Caligari was its implementation of the German Expressionist mise-en-scene. From the opening credits it’s easy to see how American critiques could have confused The Cabinet of Dr. Caligari as cubist (Skal 1993)…
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Later critics identified the style as being indicative of the German psyche and authoritarian regime. (Elsaesser 2000)
We initially find Caligari registering his somnambulist for the carnival. He seems somewhat out-of-place in the well-lit setting and the mise-en-scene even positions him well-below the registrar, almost as if the expressionist setting represents the established governmental authority that Caligari is attempting to replace. We next find him at the Carnival with a small group of on-lookers. Cesare is introduced from his casket with foreboding iris shots surrounding him and Caligari and you can envision the war-torn German public looking at the somnambulist as if in a mirror, ready to awake and respond to the world. The subtitles even say, “He (Cesare) knows the past and sees the future. When Alan turns up dead the next day Francis refers back to the prophecy of the somnambulist.
In one scene a lone girl is walking through the carnival looking for a man and we see Caligari draw her into the tent. The actors exhibit typical silent film style melodramatic gestures, but they take on an expressionist quality that can be construed as an authoritarian dichotomy. The girl is eventually frightened by Caligari and runs away. The scene carries little value for the overall plot and it’s as if it functions on a purely subconscious or symbolic level. Here, the older Caligari represents the established order, and the younger woman -- through her expressionistic gestures of terror -- is indicating revulsion at the hypnotic, authoritarian regime.
The final scene finds Francis, Jane and Cesare grouped together in the asylum with Francis warning his friend to not ask Cesare to tell his fortune as it will result in Cesare murdering him. Oblique lines expressionist lines extend throughout the ground. These expressionistic lines seem to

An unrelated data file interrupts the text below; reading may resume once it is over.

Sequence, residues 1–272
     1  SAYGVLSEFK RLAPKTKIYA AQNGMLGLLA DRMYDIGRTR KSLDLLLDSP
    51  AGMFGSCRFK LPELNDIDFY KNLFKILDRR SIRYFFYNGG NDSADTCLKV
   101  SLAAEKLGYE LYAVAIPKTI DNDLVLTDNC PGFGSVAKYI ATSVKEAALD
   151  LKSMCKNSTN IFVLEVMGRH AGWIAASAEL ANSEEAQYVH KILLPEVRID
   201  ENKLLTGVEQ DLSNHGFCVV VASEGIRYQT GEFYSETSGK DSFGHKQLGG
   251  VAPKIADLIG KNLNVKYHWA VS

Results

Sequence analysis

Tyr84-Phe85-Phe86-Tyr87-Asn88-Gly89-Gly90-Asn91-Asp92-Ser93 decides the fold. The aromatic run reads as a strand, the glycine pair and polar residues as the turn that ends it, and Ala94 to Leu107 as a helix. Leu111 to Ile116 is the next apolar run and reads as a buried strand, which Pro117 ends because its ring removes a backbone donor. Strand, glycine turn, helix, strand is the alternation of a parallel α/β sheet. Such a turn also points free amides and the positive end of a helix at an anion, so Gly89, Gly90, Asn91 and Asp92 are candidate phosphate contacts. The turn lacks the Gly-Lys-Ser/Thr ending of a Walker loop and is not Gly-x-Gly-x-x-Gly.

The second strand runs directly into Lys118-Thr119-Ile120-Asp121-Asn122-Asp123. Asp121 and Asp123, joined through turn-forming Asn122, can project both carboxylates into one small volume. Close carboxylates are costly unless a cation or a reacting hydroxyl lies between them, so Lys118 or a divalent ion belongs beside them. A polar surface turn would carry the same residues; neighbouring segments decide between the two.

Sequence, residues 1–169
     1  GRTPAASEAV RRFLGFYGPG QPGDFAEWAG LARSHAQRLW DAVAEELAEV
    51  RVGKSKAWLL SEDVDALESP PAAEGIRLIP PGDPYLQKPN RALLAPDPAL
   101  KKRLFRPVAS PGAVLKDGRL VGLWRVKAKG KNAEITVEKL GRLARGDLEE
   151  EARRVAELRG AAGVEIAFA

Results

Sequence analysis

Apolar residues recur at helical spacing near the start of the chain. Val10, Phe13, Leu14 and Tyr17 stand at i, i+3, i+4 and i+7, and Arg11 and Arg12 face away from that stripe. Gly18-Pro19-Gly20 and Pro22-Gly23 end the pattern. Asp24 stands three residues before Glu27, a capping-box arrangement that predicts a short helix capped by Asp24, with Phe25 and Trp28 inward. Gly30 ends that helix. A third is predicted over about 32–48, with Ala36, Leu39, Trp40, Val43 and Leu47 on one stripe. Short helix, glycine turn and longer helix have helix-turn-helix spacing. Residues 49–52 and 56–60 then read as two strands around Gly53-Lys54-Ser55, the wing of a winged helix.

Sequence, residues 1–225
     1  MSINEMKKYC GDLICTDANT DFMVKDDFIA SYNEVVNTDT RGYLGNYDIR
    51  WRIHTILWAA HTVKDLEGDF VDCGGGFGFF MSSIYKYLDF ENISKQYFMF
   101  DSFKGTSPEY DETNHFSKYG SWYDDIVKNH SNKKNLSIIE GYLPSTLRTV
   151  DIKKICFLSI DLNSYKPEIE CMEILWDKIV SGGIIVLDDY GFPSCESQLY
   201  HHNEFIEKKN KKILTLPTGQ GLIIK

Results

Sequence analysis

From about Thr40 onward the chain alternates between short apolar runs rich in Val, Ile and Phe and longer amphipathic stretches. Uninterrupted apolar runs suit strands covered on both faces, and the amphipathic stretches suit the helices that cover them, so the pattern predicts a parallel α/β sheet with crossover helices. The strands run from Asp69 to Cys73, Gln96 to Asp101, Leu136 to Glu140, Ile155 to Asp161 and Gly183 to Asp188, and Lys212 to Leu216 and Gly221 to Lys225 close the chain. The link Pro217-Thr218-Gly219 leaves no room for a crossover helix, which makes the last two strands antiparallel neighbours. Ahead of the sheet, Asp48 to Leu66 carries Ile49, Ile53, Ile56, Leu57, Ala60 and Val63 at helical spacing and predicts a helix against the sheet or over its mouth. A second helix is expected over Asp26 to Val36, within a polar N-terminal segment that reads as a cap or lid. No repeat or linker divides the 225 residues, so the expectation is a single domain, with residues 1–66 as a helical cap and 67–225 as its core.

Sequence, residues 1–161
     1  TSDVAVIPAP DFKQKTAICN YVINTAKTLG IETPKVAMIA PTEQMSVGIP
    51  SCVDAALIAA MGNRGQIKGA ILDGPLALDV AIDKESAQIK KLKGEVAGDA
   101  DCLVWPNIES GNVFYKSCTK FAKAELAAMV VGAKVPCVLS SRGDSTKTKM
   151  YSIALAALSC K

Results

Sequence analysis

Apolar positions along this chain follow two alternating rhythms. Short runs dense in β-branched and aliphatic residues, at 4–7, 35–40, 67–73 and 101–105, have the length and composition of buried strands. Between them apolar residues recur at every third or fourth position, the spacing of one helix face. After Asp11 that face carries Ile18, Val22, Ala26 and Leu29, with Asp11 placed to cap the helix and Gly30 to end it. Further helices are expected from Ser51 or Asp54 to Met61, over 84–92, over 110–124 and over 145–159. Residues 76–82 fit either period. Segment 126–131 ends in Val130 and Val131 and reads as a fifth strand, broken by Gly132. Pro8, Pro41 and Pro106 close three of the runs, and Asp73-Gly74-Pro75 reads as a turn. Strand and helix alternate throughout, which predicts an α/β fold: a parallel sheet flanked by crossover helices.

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It was widely considered to be the greatest film that ever created in the sphere of Hollywood. In this paper, a critique on the entirety of the film is discussed. Critique Every movie has its own story to tell and scenes to display. The movie Citizen Kane, directed by Orson Welles and written by Herman J.
Often still regarded by critics as one of, or the greatest movie of all time, it garnered a large amount of Academy Award Nominations of which it won the “Best Writing” award (Mulvey, 1992). Set amidst the newspaper publishing world of the US at the time, the movie tells the life story of the character Charles Kane, a publishing tycoon based on a real life individual.
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The Cinematic narrative form enhances plot development in this art piece to accumulate to tragic significance. The concepts of the image as presence (image as presentation) and image as text (image representation) have been employed in the ensemble to achieve significant tragic meaning dissemination.
Citizen Kane is one of the best and most extraordinary pictures in the American cinema history (von Stroheim 1941, Carringer 1996, and Thomson 2001). Produced back in 1941, it is still open to the discussion today decades after its release. Directed by Orson Welles, the film focuses on a variety of "eternal" themes in cinema, literature, and art.
Set amidst the newspaper publishing world of the US at the time, the movie tells the life story of the character Charles Kane, a publishing tycoon based on a real life individual. The story begins with the
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The music is slow and sad with the lighting deem only focusing on the man (Wells, 1941). The editor did an excellent job in bringing close the dying man after showing us his mansion and the bed he was lying in while taking his last breath.
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